Historical Description Of Newspaper From July 20, 1865

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Historical Description of Newspaper from July 20, 1865:
Newspapers such as the New York Times can show later generations of what is important to a society of that time period. By reading the various articles and headlines, there is a good sense of what the world of that time was paying attention to and what was weighing on everyone’s minds. The New York Times on July 20, 1865 examined all issues that could be considered social, political, economic or of high-interest to its readers of the time.
The headline for the New York Times on July 20, 1865 examined the trial of Miss. Harris and her murder trial. The entire final session of court was quoted and outline for the public to read on the front page. Based on the length of the article, and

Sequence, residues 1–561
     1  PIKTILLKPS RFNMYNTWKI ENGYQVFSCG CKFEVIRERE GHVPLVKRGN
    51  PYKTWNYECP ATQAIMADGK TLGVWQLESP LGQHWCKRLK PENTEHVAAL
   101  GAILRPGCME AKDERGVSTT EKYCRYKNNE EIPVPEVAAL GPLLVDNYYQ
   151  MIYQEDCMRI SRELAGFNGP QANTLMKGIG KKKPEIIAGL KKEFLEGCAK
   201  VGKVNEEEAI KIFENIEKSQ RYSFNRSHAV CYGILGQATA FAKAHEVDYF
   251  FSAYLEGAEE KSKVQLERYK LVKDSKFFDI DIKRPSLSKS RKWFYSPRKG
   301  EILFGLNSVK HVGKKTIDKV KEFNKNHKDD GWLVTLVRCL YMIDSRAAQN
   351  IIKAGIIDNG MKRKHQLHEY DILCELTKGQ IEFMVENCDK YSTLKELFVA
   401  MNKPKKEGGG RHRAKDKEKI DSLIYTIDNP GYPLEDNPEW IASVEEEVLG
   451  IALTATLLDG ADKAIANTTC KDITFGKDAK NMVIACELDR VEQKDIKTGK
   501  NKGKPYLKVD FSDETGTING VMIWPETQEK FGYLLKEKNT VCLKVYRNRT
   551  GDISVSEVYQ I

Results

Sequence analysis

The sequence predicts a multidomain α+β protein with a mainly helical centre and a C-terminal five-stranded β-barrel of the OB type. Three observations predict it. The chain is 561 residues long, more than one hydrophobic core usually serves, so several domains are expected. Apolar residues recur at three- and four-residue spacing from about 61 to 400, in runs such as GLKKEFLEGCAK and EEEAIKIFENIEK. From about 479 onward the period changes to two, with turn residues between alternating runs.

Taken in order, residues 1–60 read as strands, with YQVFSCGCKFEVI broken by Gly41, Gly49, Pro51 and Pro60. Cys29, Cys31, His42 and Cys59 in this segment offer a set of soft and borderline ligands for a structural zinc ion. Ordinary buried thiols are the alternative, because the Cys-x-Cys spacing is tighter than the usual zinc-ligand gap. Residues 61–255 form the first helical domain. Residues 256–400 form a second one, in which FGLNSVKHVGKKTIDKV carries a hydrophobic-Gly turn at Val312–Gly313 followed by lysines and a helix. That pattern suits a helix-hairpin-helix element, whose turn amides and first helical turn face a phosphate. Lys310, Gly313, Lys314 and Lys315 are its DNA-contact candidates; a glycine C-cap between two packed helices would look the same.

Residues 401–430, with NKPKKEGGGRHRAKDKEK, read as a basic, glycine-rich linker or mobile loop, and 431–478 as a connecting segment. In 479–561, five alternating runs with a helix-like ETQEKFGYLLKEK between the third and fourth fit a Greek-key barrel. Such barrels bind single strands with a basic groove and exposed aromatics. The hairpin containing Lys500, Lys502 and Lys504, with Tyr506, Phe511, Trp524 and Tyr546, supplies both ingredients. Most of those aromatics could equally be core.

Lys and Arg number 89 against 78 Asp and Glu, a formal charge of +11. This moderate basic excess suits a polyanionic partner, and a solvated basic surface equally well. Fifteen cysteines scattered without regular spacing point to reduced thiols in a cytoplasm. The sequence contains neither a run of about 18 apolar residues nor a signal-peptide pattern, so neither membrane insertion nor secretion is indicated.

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In 1865, the Civil War between the northern and southern states had just come to a close. The confederate states had only decided to surrender about two months before this newspaper was written. The article on page two is devoted to depicting what is now going on in the southern part of the country. The focus on the reconstruction era of the south is a huge part of United States history, and it makes sense that the people in the northern states would want to know what was going on in the south since they had been defeated in the war. The New York Times gives an overwhelming look into these states such as Texas, South Caroline and Mississippi as it gives a detailed examination on what local governments were doing, how they were rebuilding and how African Americans were being introduced into society as free. One title reads “Arrival of the Mississippi: Governor Wells refuses to extend the right of suffrage to the Negro and another is titled “Freedom a curse to the Negro” (New York Times, 1865, pg. 2). These articles are good indicators as to what was really occurring in the south following the conclusion of the civil war. Although African Americans had been freed by the Emancipation Proclamation, racist sentiments still were in engrained into the minds of many southerners. According to the honorable B.F. Perry, “the illness and the vagrancy of the negro in a free state may be a nuisance to society” (New York Times, 1865, page 2).These articles showed how the southern citizens did not choose to welcome the African Americans into society graciously, but they’d rather fight and speak out against

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